In their “Can’t Read, Won’t Buy” series of publications, CSA Research explain that, when given a choice, a majority of consumers will opt to buy products with information in their native language. This refers to information such as ingredients, origin and use instructions, but also to the general communication channels of a specific brand. This preference is also present among those with a good understanding of English. The report also states that 39% of all survey respondents were more inclined to buy products from a website in their first language. This percentage went up to 67% among LEP (limited English proficiency) participants. In short, we must not underestimate the strength of the local competition when it comes to customer engagement and retention.  

The advice CSA Research provides for global marketers is to consider the importance of “engaging their global audience with content that resonates with them — not just with translated content, but with a full language experience that conveys their brand, reputation, and trustworthiness.” This effectively means creating a fully localized CX, as opposed to adapting the one from the brand’s home country. Because through localization your CX will become culturally relevant to the specific markets, your brand will be able to leverage the same emotional connotation as your local competitors.  

Make data-driven decisions 

The one essential ingredient in a recipe for great CX is good quality data. Building a lasting customer relationship in which the content is localized to their cultural context would be impossible without the use of data. Brands need to understand their clients, not just in their language preferences, but with regards to their age group, their purchase history and interests. The CX game belongs to brands who can truly make use of their data to personalize their experiences to ever-increasing customer expectations.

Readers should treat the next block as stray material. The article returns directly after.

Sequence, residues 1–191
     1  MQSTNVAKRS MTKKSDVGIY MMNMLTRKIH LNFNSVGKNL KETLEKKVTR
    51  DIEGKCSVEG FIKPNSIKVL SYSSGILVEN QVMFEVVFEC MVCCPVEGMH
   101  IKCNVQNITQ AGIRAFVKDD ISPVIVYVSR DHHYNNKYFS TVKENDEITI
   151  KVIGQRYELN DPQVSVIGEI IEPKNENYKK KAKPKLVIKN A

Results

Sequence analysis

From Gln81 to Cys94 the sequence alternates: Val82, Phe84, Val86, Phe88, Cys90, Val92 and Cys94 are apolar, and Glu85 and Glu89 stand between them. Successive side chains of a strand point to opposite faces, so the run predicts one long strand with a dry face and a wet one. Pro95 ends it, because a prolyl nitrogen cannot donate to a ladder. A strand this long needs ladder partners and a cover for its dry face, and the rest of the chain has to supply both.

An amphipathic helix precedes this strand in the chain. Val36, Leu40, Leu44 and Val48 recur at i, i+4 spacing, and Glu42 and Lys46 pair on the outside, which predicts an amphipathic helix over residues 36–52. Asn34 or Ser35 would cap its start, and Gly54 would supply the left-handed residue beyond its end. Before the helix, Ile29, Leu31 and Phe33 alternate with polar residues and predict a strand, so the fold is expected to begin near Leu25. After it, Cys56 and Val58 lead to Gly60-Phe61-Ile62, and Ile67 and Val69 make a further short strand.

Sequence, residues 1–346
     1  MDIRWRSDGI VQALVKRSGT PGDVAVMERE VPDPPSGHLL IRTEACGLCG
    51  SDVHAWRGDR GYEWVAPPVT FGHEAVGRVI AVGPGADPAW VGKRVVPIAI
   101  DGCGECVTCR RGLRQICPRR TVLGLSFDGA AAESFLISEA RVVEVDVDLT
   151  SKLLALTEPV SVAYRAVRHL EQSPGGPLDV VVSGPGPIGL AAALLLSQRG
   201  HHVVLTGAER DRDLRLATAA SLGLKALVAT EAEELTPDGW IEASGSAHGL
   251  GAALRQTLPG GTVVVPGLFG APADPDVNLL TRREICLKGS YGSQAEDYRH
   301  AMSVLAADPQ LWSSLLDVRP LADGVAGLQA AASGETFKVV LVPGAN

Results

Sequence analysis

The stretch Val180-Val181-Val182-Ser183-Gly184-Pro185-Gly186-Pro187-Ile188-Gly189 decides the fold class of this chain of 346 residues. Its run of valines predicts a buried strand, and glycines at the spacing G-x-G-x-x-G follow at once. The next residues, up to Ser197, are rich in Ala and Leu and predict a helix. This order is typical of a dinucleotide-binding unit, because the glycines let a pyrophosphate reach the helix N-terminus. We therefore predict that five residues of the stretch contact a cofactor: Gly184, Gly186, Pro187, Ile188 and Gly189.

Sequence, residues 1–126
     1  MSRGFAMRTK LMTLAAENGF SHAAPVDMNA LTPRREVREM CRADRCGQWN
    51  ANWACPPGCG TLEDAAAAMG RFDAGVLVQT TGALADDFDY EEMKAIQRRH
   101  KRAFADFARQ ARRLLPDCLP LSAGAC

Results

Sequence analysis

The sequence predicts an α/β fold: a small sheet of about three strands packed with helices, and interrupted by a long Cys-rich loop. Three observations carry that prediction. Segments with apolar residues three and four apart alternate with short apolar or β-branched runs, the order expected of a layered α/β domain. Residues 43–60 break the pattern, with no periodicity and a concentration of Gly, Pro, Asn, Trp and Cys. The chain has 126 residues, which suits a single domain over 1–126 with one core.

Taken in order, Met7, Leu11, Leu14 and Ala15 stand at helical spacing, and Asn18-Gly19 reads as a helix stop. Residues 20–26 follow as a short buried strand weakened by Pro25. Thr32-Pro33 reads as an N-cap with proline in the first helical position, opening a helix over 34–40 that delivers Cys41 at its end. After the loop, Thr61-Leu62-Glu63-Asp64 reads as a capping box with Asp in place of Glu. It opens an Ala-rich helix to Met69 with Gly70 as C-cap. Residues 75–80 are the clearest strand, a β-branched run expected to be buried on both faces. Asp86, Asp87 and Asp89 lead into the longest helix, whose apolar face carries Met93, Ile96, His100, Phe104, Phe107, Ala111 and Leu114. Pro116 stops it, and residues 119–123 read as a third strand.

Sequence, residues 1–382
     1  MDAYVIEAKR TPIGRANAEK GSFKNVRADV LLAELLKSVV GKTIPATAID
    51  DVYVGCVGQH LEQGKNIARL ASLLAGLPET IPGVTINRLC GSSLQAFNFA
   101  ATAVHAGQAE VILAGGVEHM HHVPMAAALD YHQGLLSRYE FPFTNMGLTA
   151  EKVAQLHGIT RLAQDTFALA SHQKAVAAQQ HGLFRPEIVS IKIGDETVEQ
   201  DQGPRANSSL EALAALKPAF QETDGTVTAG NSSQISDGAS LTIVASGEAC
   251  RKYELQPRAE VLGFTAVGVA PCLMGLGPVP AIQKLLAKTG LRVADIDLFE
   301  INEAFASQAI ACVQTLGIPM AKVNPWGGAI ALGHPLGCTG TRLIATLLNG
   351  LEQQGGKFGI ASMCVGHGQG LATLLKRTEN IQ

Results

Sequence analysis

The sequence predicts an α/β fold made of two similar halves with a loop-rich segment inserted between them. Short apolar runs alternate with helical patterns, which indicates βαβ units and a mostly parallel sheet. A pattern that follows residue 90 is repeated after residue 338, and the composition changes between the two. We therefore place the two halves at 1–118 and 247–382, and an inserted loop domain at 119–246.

In this digitalized world, a simple CRM (customer relationship manager) platform can give your company all the information you need to create effective CX strategies. These strategies will of course need to be oriented towards establishing relationships, but those are only possible when we have the right data.  

The ethical use of data is however key, as the main pillar of customer engagement is trust. In this regard, understanding cultural differences when deciding how to approach your customers is a most important dimension of CX. There are cultures, for example, where customers value their privacy to higher levels than others, and we must be very careful not to create an impression of having too much data. Again, partnering with a localization expert team can help your company integrate your customer predictive analytics with a cultural understanding of how to best engage with your global markets.    

Although it may be surprising, in this increasingly virtual time and age, customers still expect to have relevant relationships with the brands they purchase. This involves meaningful, personalized and relevant exchanges, customer service and product information in their language, and a fully local experience that is powered by an appropriate use of data.